In addition, claims B, C and D(1) are defaulted for two reasons. First, when petitioner raised these arguments in his state habeas application, the trial court found they were not cognizable pursuant to Slayton v. Parrigan, supra . A state court's finding of procedural default is entitled to a presumption of correctness, provided two foundational requirements are met. See 28 U.S.C. § 2254(d); Clanton v. Muncy , 845 F.2d 1238, 1241 (4th Cir. 1988). First, the state court must explicitly rely on the procedural ground to deny petitioner relief. See Ylst v. Nunnemaker , 501 U.S. 797, 802-03 (1991); Harris v. Reed , 489 U.S. 255, 259 (1989). Second, the state procedural rule used to default petitioner's claim must be an independent and adequate state ground for denying relief. See Harris , 489 U.S. at 260; Ford v. Georgia , 498 U.S. 411, 423-24 (1991). The Fourth Circuit has held consistently that "the procedural default rule set forth in Slayton constitutes an adequate and independent state law ground for decision." Mu'Min v. Pruett , 125 F.3d 192, 196-97 (4th Cir. 1997). Therefore, claims B, C and D(1) likewise are procedurally defaulted in this federal proceeding.

In addition, when petitioner attempted to appeal the trial court's denial of his state habeas application to the Supreme Court of Virginia, the appeal was dismissed as untimely pursuant to Rule 5:17(a)(1). Resp. Ex. 8. Because the reason for dismissing Pendergrass' habeas appeal was a clearly-stated adequate and independent state ground, federal review of the claims raised in that appeal is foreclosed. See Spencer v. Murray , 5 F.3d 758, 761 (4th Cir. 1993), cert. denied, 510 U.S. 1171 (1994), and cases cited. That default applies to claims B, C and D of this federal petition.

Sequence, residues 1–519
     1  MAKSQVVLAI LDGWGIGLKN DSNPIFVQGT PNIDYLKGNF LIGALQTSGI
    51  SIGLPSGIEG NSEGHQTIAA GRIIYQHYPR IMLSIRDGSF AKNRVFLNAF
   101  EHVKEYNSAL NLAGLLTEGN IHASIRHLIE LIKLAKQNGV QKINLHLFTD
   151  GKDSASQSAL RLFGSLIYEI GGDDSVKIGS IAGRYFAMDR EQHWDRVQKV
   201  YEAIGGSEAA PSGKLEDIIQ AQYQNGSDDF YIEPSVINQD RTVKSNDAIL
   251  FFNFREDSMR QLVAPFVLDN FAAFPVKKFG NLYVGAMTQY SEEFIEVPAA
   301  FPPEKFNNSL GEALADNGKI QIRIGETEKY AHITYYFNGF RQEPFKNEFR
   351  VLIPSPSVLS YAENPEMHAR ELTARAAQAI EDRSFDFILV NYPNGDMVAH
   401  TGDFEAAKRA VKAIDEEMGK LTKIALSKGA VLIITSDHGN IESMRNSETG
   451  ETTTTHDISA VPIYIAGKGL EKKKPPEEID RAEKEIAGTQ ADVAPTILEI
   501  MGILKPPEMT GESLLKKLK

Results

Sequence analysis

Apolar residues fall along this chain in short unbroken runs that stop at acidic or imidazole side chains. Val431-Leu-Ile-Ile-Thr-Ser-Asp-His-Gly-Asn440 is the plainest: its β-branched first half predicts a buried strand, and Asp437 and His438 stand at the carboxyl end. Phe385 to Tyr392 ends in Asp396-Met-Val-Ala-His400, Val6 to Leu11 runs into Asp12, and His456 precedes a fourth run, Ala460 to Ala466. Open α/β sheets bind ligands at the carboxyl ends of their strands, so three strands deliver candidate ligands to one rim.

Federal courts may not review procedurally barred claims absent a showing of cause and prejudice or a fundamental miscarriage of justice, such as actual innocence. Harris v. Reed , 489 U.S. 255, 260 (1989). The existence of cause ordinarily turns upon a showing of (1) a denial of effective assistance of counsel, (2) a factor external to the defense which impeded compliance with the state procedural rule, or (3) the novelty of the claim. See Coleman, 501 U.S. at 753-54: Clozza v. Murray , 913 F.2d 1092, 1104 (4th Cir. 1990): Clanton v. Muncy , 845 F.2d 1238, 1241-42 (4th Cir. 1988). Importantly, a court need not consider the issue of prejudice in the absence of cause. See Kornahrens v. Evatt , 66 F.3d 1350, 1359 (4th Cir. 1995). cert. denied, 517 U.S. 1171 (1996).